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SAP UI Design Patterns – Forms

November 30, 2011

As an interactive agency that specializes in SAP UIs and mobile interfaces, we work with companies to design the best possible user interfaces we can. In today’s digital world, there is so much data that is both input by the user and displayed to them, that it’s sometimes challenging to find the right mix of white space, information architecture, layout, and UI elements. But it’s important to get it right – especially when it comes to SAP user interfaces.

There are lots of design patterns to consider, but one of the biggest and most widely used in the SAP UI world is forms.

And there are lots to pick from – Adobe forms, WebDynpros, and JSP Dynpages to name a few.

But if you take a look more closely, you’ll see there are some design points or guidelines to follow that can make your forms easier to read, complete, and navigate. I must admit, nothing is more frustrating than having to fill out a form that is just tooooo long. Or how about filling out a form, making a mistake on trying to submit, then only to find that all the info you’ve filled out is blown away?

Fret not. Here are some design points to consider when creating best practice SAP forms.  And if you need more help, let us know and we can take a personalized approach.


This one may seem au contraire to the norm, but you’ll find that stacking labels over elements helps to create visual flow in your forms and allows you to group like elements together more nicely. This is an example of good information architecture and making good use of real estate on the page or form.
Here’s an example:

Stacking Labels over UI Form Elements - SAP UI Design


For this point all I can say is – it’s the little things that count. A best practice UI design standard is to indicate an action before it happens – and with links – that usually starts with underlining. This visually tells the user “I’m clickable” at first glance. A simple design step, but simple is the key to a great online form.


Here the point is “busy is bad.” Or some refer to this design faux pas as black space. One mistake form designers make sometimes is thinking more is better. And it’s easy to fall into that trap since there is always so much data to display and process in SAP applications. They may say “wow – look at all this info – there’s so much for the user to do!” But if you find you have too much data on the screen you should rethink your design or find other places for it on other screens or with use of tabs. Remember less is more.

Proper User of Whitespace - SAP UI Design


This form design point is actually getting easier to implement now that bigger monitors are becoming more commonplace. But it still happens painfully enough times for me to need to mention it here. The fold represents the Mendoza line on your screen. It’s the point at which you start to have to vertically scroll. If you need to push tons of data below the fold, you definitely should rethink the form design. In today’s online apps, quick visual inspection and then resulting action is the key. The more you have to scroll down to look for things or to complete fields, the less quick visual inspection and action your users can take. I liken this to too many words on a PowerPoint slide – nobody reads all that text and what’s more – nobody wants to. The same principle applies for data below the fold. At the very least, core data and processes need to exist above the fold.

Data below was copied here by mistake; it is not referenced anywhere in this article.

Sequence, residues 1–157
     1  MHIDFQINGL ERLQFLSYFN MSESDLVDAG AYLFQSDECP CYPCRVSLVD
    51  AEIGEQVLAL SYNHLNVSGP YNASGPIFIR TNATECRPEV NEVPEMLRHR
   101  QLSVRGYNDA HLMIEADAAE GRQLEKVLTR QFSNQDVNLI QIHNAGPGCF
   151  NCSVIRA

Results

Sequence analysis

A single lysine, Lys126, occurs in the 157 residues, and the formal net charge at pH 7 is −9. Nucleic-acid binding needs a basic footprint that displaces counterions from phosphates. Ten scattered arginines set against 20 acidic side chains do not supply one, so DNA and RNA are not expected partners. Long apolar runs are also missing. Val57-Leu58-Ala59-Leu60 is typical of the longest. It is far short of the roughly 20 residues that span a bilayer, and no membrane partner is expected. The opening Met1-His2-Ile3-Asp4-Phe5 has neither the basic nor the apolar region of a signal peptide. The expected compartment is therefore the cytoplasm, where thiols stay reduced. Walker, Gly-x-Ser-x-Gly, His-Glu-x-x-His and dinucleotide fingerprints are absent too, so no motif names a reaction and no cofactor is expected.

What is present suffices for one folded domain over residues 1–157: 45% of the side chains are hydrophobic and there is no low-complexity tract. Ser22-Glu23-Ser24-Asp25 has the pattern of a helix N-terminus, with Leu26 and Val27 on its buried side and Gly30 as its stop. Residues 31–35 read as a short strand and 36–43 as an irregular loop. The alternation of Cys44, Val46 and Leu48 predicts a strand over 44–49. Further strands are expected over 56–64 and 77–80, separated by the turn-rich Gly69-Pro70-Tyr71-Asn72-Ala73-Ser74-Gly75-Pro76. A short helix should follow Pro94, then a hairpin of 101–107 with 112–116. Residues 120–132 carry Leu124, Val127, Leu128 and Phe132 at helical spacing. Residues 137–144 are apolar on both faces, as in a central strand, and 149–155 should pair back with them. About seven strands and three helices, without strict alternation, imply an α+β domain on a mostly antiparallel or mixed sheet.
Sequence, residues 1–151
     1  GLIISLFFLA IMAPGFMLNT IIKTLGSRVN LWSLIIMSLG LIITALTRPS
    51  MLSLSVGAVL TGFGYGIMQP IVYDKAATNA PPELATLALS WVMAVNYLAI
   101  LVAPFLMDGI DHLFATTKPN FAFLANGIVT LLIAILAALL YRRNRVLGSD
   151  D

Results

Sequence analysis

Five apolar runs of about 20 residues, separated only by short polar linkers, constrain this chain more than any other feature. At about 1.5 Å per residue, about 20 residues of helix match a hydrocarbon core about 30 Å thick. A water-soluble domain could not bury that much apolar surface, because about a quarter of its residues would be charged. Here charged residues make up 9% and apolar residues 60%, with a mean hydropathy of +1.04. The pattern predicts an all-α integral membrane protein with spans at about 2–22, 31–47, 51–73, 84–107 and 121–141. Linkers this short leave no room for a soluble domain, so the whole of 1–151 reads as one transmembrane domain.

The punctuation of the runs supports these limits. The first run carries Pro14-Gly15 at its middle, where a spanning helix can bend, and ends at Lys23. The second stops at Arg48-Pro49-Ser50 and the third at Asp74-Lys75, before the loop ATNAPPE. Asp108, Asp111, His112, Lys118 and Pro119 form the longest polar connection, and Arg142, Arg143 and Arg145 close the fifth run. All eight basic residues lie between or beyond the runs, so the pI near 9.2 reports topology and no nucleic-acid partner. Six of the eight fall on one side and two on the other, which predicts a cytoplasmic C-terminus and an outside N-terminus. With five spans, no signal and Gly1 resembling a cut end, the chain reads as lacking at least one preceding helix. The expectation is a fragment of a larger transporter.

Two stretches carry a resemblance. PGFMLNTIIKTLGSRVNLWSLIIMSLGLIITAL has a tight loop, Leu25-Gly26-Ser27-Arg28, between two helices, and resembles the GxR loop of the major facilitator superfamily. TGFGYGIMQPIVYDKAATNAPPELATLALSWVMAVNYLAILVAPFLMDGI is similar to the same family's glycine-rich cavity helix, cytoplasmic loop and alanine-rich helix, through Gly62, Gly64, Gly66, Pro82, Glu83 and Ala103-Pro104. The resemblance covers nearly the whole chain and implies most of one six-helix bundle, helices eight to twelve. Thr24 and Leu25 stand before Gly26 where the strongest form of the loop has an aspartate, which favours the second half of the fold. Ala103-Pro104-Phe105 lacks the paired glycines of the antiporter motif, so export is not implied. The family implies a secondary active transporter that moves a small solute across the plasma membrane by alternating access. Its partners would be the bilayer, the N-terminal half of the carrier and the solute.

Good example of staying above the fold - SAP UI Design


It may be ok for showcasing picture or print designs, but if there was ever one UI form standard that should never be broken it’s this one. This is the holy grail of form commandments if you will. If your forms make the user scroll horizontally at any point throughout the experience – than the design needs to be adjusted. This gets tricky for instance with WebDynpro UIs because of the ability to right click and add fields dynamically. But the standard still holds true – horizontal scrolling is a big no no and never best practice for your forms.

Here’s an example of what not to do below.

Horizontal scrolling with forms is bad - SAP UI Design

So there you have it. While there are many more points to discuss specific to forms, these are 5 simple points that don’t take a lot of time to implement, but will save your users a lot of frustration and angst. They are easy to abide by and implement no matter what SAP UI technology you are using. And while there are many types of UIs offered by SAP that range in complexity, abiding by these simple truths will align your forms to some basic standards and save your users time and effort – which is always a very good thing.

0 responses to “SAP UI Design Patterns – Forms”

  1. […] really is no right answer here as long as you stay consistent and keep your buttons in sight. In my last blog i talked about forms and staying above the fold. With buttons, you most certainly want to stay […]

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